Friday, October 31, 2008

Tayabas Lambanog

If you’re particularly searching for the most traditional way of drinking (inuman) in the Philippines, you shouldn’t miss this place in Quezon called City of Tayabas. The art of drinking has its own roots in every place but all are one in the name of spirit and tradition, that is celebration! And there has got to be something special that we look forward to in drinking in this city, where traces of history can be found in every street you trek.

What else could that be but the famous coco vodka – “lambanog.” Lambanog is a famous drink among Filipinos and you can find one of the richest and most flavorful beverages only in Tayabas.

So how do we go about the making of lambanog? Made from the nectar of flowers of coconut trees (where Quezon Province is the leader of plantation in Southern Tagalog), this is then distilled and made into lambanog. But this is not how easy the process is because getting all the flowers from coconut trees could be a really difficult task. Men of the locality will climb up these trees and would cross from one tree to another using a long bamboo tree that is connected to the tress. What only make it look easy is that this isn’t simply a business they run but has been part of their culture. Another interesting thing about this vodka is its flavor. As time went by, local distillers from this town have defined the richness of the taste of lambanog. You can now see it colorful bottles with flavors such as bubble gum, mango, calamansi and the like.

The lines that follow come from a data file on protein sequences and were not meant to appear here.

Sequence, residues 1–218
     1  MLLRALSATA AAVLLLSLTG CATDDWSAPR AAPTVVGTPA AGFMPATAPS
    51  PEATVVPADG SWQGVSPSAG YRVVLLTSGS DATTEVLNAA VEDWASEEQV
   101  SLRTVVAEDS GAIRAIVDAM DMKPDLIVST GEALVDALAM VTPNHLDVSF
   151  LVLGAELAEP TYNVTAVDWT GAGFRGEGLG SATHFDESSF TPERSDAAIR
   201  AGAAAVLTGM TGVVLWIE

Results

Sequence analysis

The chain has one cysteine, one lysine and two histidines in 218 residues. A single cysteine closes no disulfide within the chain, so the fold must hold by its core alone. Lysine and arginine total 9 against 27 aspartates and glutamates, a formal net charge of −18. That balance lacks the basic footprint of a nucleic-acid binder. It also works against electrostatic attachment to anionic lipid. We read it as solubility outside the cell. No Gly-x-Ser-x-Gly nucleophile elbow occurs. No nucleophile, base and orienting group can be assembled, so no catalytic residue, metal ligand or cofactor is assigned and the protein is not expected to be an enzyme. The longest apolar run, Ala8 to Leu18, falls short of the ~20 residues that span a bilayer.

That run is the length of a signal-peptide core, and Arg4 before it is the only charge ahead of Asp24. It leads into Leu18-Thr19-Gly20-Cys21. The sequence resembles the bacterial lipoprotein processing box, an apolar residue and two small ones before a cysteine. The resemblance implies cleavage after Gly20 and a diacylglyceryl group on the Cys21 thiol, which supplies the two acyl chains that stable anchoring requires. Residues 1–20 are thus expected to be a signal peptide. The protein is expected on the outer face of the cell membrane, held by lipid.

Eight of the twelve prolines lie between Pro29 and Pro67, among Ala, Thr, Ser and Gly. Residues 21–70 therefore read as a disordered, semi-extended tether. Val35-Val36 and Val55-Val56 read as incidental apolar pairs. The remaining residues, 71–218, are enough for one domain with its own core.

So, if one of these days you’ll come by in this town, drink lambanog in the art they keep. The Tayabenses way of drinking is simple. It is usually coupled with songs accompanied by a guitar player (who is also part of the “inuman”). One common glass (tagayan) is placed on the table and is shared by everybody which symbolizes their common level in the society and of course, camaraderie. And when it is your turn to take your “tagay” you would have to say “Tagay ko!” before taking that round. This scene can take place either on side streets, inside the house or under a tree in any time of the day. Men and even the ladies take part in this session. A man shouldn’t be so surprised if a lady can knock him up in drinking lambanog because they have surely mastered the art!

Wednesday, October 29, 2008

Asia's Oldest Church Clock

One of the biggest and oldest church clocks in all Asia is found in the centuries old Roman Catholic Basilica in the ancient but progressive town of Tayabas, Quezon, formerly Cabezera (provincial capital) of Quezon province.

Located at the church belfry, the ancient clock of Tayabas measures one half meter tall and 42 centimeters in circumference. The hour hand measures one half meter while the minute hand is 62 centimeters long.

A 70 kilo heavy weight runs the hour hand while a 140 kilo heavy weight operates the whole clock.

The heavy weight is suspended from an old steel cable attached to the ancient church clock. The heavy weight strikes a giant bell to announce the time at intervals of every one and a half hour.